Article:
Japan, one year after the tsunami: 'We can't just stay sad'
With a moment of silence, prayers and anti-nuclear rallies, Japan marked on Sunday one year since an earthquake and tsunami killed thousands and set off a radiation crisis that shattered public trust in atomic power and the nation’s leaders.
The magnitude 9.0 earthquake unleashed a wall of water that hit Japan’s northeast coast, killing nearly 16 000 and leaving nearly 3 300 unaccounted for. The country is still grappling with the human, economic and political costs.
In the port town of Ofunato, hundreds of black-clad residents gathered to lay white chrysanthemums in memory of the town’s 420 dead and missing.
“We can’t just stay sad. Our mission is to face reality and move forward step by step,” said Kosei Chiba (46) who lost his mother and wife in the disaster.
“But the damage the town suffered was too big and our psychological scars are too deep.
We need a long time to rebuild.”
The country observed a minute of silence at 2.46pm (5.46am GMT), the time the quake struck.
Residents of Ofunato gathered before a makeshift altar with a calm, sun-flecked sea behind them. Ofunato paused again 33 minutes later—the time when a year ago a 23m tsunami engulfed the town of 41 000.
Just a kilometre from Tokyo Electric Power Company’s (Tepco) wrecked Fukushima plant, where reactor meltdowns triggered the world’s worst nuclear crisis since Chernobyl, residents of the abandoned town of Okuma were allowed back for just a few hours to honour the dead.
“It was a wonderful place. If it wasn’t for all that has happened, I’d be able to come back. But thanks to Tepco, I wasn’t even able to search for the bodies of my relatives,” said Tomoe Kimura (93) who lost four members of her family in the tsunami, two of whom were never found.
Authorities have imposed a 20km no-go zone around the plant and residents may never be allowed back.
Along the northeast coast, police and coastguard officers, urged on by families of the missing, continue their dogged search for remains despite diminishing chances of finding any.
The prevailing mood in tsunami-hit communities was one of solemn reflection and resolve to move on despite frustration with the government’s confused response and the slow pace of rebuilding.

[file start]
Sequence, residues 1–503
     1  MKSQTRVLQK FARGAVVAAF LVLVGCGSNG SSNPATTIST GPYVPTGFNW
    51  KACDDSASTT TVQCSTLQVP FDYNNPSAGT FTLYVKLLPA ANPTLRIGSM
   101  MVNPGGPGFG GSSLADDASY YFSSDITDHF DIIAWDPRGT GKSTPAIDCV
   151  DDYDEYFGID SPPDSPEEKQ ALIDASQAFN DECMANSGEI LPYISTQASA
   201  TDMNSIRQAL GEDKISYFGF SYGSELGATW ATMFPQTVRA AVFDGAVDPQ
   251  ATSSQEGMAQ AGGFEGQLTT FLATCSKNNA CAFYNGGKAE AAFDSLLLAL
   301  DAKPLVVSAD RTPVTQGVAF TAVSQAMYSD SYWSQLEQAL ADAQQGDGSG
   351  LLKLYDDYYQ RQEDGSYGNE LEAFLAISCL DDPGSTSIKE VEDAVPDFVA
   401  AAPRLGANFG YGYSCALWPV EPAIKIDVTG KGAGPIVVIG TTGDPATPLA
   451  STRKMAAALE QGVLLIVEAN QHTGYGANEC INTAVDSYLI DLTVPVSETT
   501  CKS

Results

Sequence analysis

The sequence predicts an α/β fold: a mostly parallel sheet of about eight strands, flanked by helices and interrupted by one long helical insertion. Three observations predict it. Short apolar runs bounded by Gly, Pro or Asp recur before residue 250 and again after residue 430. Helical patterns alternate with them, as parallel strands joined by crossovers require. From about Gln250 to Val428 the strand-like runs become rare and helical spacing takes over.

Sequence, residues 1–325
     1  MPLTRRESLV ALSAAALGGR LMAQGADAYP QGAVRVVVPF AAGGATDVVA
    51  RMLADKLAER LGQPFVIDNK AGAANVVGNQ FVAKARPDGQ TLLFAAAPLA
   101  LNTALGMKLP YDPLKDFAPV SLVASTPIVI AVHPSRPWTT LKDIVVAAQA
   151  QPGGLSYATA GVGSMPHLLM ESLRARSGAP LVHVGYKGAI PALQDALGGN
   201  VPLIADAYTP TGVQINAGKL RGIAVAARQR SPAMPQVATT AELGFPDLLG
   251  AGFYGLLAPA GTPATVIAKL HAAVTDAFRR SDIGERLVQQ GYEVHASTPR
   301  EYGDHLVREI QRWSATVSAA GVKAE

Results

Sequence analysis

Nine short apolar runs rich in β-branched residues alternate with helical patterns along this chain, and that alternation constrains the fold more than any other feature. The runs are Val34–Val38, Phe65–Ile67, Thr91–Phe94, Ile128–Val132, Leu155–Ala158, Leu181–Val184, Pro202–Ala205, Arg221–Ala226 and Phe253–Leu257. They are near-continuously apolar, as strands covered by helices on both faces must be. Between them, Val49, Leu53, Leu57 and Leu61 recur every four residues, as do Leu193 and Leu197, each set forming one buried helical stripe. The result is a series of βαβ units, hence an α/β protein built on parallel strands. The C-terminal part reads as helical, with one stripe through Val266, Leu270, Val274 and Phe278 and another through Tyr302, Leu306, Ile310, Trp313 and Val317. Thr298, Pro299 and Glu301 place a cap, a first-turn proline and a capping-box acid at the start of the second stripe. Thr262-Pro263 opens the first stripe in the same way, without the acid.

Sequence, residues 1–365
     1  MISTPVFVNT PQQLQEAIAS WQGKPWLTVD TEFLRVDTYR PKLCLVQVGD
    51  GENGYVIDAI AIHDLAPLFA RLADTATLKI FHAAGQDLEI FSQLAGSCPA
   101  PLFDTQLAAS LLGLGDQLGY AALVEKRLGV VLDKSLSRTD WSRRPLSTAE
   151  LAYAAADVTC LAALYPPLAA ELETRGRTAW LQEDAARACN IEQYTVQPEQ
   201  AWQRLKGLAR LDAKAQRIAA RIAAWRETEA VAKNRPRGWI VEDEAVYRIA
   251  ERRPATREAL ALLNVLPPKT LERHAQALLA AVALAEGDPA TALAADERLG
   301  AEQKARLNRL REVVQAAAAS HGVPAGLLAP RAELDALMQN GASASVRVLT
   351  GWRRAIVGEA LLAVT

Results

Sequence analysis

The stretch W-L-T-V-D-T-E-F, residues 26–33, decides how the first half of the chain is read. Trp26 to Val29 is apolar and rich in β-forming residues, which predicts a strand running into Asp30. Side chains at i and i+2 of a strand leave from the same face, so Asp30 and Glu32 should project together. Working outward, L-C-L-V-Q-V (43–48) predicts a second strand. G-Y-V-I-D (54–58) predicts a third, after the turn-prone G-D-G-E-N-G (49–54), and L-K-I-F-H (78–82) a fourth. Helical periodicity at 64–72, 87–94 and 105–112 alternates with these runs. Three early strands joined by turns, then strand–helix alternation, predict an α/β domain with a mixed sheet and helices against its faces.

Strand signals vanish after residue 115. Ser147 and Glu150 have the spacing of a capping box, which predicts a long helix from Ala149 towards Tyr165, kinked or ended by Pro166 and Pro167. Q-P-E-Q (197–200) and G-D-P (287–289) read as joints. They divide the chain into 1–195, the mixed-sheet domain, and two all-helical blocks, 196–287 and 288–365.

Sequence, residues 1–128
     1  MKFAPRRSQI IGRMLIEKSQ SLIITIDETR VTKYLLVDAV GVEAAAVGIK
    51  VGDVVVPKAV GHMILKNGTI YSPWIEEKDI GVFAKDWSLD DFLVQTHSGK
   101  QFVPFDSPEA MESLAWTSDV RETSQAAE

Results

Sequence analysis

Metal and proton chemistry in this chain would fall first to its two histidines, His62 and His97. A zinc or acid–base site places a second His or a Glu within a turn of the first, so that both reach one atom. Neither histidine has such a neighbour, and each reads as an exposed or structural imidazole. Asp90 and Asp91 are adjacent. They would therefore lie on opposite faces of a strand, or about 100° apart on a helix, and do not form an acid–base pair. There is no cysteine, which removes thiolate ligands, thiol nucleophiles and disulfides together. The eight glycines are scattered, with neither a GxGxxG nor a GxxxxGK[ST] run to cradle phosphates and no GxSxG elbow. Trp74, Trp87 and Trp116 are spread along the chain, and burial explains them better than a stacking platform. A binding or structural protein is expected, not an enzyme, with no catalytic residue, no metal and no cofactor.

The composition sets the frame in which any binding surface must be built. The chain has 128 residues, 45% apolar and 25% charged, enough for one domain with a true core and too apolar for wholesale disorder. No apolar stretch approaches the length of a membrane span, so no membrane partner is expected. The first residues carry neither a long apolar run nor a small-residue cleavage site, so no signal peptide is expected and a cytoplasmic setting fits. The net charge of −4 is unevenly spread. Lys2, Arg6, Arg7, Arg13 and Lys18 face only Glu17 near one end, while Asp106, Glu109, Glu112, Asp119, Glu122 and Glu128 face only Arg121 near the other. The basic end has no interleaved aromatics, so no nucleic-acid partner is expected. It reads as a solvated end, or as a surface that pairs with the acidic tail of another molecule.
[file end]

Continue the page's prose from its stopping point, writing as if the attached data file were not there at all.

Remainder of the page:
In contrast, those who felt betrayed by Japan’s “nuclear village”—the powerful nexus of utilities, politicians and bureaucrats that promoted nuclear power as clean and safe—were less forgiving.
“We are angry at Tepco and came here to show our anger,” said Tomoe Suzuki (65) a restaurant owner and chef.
“The earthquake was something that was unavoidable because it was a natural disaster, but you can’t stay quiet about Fukushima because it’s a man-made disaster,” she said, marching with about 12 000 other protesters to form a “human chain” around the parliament building in the capital of Tokyo.
The Japanese people earned the world’s admiration for their composure, discipline and resilience in the face of the disaster while its companies impressed with the speed with which they bounced back.
As a result, the $5-trillion economy looks set to return to pre-disaster levels in coming months with the help of about $230-billion earmarked for a decade-long rebuilding effort agreed in rare cooperation between the ruling and opposition parties.
Emperor Akihito, recovering from coronary bypass surgery last month, attended a memorial service in Tokyo’s National Theatre and urged people to work together, echoing his unprecedented televised address five days after the disaster.
“I hope all the people will keep the victims in their hearts and work so that the situation in the disaster-hit areas improves,” the 78-year-old monarch said.
Prime Minister Yoshihiko Noda, who took over in September from Naoto Kan—who was premier at the time the disasters struck—pledged to work for recovery: “Our forebears who built this country’s prosperity have emerged from each crisis even stronger. We will fulfil our historic mission of realising the rebirth of this nation.”
Yet many people are increasingly disillusioned about the political establishment’s ability to tell the truth and rise to the occasion, a deep lack of trust that one commentator called “the fourth disaster of March 11”.
Politicians and bureaucrats drew fire for the chaotic response to the Fukushima disaster and disappointed many with their failure to seize the moment to tackle the ills which have plagued Japan for over two decades.
After a brief truce, parliamentary squabbles resumed, giving Japan its sixth leader in five years and now threatening to block an important tax reform and stall other business, including the launch of a more independent nuclear watchdog.
Tepco, criticised by many for its failure to prepare for the disaster, issued a fresh apology.
“Each and every member of our company and its group remembers March 11 and will work with our all hearts to solve challenges with safety as our first priority,” Tepco president Toshio Nishizawa, who marked the anniversary at the plant, said in a statement.
Slow progress in drawing up plans for the tsunami-damaged and radiation-contaminated region is deepening the misery of survivors, about 326 000 of whom are still homeless, including 80 000 evacuated from the vicinity of the Fukushima plant.
While the government declared it had reached “cold shutdown” in December, the nation lives under a cloud of anxiety over the long-term health effects of radiation. It also faces the huge financial burden of dismantling the plant and cleaning up an area the size of Luxembourg—a task that will take decades and technologies yet to be developed.
Taxpayers, facing proposed sales tax increases to help fund the country’s debt, will also need to pay tens of billions of dollars to prop up the still politically powerful Tepco.—Reuters